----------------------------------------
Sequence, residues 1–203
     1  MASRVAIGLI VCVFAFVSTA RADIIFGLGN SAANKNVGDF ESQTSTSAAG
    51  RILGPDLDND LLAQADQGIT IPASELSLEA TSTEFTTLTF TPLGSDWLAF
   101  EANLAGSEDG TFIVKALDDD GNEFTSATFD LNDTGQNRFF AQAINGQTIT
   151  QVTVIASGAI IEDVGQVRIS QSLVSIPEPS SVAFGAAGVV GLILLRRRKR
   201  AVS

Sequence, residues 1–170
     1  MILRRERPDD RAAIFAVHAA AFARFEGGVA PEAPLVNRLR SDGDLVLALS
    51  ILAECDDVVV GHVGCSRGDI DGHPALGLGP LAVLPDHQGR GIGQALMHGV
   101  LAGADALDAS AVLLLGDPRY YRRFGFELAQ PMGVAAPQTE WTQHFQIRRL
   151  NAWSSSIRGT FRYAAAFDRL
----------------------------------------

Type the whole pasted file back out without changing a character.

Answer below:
Sequence, residues 1–203
     1  MASRVAIGLI VCVFAFVSTA RADIIFGLGN SAANKNVGDF ESQTSTSAAG
    51  RILGPDLDND LLAQADQGIT IPASELSLEA TSTEFTTLTF TPLGSDWLAF
   101  EANLAGSEDG TFIVKALDDD GNEFTSATFD LNDTGQNRFF AQAINGQTIT
   151  QVTVIASGAI IEDVGQVRIS QSLVSIPEPS SVAFGAAGVV GLILLRRRKR
   201  AVS

Sequence, residues 1–170
     1  MILRRERPDD RAAIFAVHAA AFARFEGGVA PEAPLVNRLR SDGDLVLALS
    51  ILAECDDVVV GHVGCSRGDI DGHPALGLGP LAVLPDHQGR GIGQALMHGV
   101  LAGADALDAS AVLLLGDPRY YRRFGFELAQ PMGVAAPQTE WTQHFQIRRL
   151  NAWSSSIRGT FRYAAAFDRL